Back in the batcave, Crane discovers porn on the internet; as he averts his eyes from the busty lady on the screen, they rest on the HH’s skull, spotlighted in the afternoon sun. He realizes that the skull must be a clue, and discovers the word Cicero engraved in silver on the back of the skull’s teeth. Revere had hidden the password to the manuscript in the skull of the Headless Horseman, that clever old rum-beggar!
Recurring Guest Star John Cho, now in Mills Protecting Mode, tells her that she’ll never be able to kill Death; he’ll just keep coming until he gets his head. They can trap him, though, if they can figure out the secret Death-trapping method that Cho doesn’t actually know. Crane finds them in the tunnel, and relays a message for the Horseman: the skull, at midnight, at the cemetery. Once Cho leaves, Crane tells Abbie that he cracked the cipher and knows how to trap Death. They need a witch to transform the sun into the moon at midnight so that they can capture Death in sunlight. No big deal, right? But Abbie has a better idea–they can simulate sunlight using UV lights.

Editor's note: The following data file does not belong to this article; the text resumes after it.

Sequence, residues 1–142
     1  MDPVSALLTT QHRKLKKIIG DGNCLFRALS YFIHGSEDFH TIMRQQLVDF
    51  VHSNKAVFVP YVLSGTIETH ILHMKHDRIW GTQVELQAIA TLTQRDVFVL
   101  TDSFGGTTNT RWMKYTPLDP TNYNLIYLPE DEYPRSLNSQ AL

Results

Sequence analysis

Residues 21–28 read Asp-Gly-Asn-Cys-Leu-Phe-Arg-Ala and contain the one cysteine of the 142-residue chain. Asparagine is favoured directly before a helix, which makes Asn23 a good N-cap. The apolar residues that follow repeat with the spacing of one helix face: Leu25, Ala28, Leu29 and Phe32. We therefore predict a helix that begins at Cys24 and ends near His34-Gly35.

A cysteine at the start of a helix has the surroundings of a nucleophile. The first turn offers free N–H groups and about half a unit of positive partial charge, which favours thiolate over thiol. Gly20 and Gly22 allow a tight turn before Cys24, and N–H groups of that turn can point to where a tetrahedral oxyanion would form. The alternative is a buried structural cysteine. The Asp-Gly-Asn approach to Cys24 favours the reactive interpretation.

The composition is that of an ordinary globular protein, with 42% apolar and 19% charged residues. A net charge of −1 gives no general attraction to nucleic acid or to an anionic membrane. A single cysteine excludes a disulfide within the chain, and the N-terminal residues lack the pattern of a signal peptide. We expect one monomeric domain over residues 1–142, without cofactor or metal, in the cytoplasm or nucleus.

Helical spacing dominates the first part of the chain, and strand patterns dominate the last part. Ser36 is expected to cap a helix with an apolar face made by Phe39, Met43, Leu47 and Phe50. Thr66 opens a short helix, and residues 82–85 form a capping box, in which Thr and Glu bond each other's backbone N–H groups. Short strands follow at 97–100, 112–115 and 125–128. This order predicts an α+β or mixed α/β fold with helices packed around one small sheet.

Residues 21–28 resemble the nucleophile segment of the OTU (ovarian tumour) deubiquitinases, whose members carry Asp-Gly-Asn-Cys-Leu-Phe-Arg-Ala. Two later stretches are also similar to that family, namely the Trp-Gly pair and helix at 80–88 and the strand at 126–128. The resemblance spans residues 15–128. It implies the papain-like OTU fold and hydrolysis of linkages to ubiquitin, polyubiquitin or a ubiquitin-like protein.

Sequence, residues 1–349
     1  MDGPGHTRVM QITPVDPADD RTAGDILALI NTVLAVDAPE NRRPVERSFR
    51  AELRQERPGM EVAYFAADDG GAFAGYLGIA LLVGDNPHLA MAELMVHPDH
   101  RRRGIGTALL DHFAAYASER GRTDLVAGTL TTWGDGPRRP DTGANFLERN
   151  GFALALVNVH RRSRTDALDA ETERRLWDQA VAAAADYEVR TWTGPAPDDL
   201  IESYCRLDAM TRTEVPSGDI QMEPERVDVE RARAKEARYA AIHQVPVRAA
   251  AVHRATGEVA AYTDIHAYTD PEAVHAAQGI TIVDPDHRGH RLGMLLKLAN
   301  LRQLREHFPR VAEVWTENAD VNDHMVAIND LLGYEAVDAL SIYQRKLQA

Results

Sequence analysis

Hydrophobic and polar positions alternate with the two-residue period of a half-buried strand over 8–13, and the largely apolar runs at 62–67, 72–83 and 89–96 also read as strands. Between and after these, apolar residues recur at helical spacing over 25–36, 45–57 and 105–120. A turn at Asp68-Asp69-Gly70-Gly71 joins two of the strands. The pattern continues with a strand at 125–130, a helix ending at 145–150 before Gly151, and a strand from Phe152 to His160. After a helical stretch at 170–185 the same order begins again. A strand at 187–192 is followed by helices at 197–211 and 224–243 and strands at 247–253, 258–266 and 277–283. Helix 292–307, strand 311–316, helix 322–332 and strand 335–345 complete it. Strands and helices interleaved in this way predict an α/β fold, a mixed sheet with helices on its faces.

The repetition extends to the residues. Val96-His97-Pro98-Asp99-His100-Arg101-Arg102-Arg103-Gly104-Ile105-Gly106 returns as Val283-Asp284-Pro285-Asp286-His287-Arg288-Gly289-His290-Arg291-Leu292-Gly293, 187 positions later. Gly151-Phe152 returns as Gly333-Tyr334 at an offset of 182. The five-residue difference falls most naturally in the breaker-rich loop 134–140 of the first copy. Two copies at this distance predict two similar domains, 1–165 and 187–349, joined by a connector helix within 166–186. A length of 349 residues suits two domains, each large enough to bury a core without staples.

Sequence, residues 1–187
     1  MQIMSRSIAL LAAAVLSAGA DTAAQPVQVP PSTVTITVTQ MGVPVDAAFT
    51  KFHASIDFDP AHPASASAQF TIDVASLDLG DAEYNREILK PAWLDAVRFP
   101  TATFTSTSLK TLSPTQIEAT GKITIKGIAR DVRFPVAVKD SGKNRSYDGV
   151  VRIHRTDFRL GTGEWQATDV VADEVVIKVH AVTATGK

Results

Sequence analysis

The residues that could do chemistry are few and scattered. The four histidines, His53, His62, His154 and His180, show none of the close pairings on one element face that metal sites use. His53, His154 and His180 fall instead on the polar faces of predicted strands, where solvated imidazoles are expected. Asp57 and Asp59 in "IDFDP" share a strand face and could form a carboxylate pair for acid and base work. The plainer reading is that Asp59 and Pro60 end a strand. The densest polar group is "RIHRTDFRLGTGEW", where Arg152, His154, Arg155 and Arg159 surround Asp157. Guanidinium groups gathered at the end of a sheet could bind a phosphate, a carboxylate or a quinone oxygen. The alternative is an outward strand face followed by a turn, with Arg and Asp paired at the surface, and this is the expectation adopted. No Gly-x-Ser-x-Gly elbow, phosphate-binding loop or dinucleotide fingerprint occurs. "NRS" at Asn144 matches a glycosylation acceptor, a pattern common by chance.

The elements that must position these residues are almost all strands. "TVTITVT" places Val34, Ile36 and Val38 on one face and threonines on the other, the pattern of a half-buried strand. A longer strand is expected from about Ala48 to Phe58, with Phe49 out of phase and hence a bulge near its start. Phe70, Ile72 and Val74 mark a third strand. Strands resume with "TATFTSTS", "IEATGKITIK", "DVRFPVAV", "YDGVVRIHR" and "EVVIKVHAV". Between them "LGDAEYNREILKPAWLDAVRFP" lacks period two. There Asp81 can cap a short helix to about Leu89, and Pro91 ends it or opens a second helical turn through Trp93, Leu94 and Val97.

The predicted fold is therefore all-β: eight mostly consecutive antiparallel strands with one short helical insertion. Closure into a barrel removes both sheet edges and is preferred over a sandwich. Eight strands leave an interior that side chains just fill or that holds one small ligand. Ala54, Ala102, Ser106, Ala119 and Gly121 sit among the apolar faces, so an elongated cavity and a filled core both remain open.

Enlisting the Cap’n to help them with their supplies, which look like papier mâché skulls, and explains that they will trap Death and hold him in a supernatural cage designed by Thomas Jefferson. The conversation derails into the morality of Jefferson as a slave owner, and Crane is indignant at the information that Jefferson had an affair with his slave Sally Hemmings.
Seven minutes to sundown and showdown, and Abbie and Crane philosophically comparing relationship notes on keeping secrets from their respective loved ones…you know, cause there’s nothing else really going on right now. Crane addresses the Horseman as he enters the cemetery, taunting him with his own glowing skull. That Horseman has an uncanny sense of direction (and aim) considering he has no head. Crane jumps off his own horse and throws the skull down a secret trap door in the cemetery, and the Horseman follows.
He leads him through the twists and turns of the underground tunnels, and in every corner floats the Horseman’s glowing skull–they’re not the real skulls, but the decoys, and the Horseman’s anger is rising with every trick. The Horseman, scanning the tunnels with his shoulders, somehow follows the sound of Abbie’s voice down a tunnel; as he raises his axe over the feinting Abbie, Crane and Cap’n throw a switch and the UV lights blaze on. Locked over a seal on the floor and paralyzed by the sunlight, they’ve captured the Horseman!
Next week on Sleepy Hollow: Crane is starting to lose his shit. Also, Hessian ninjas!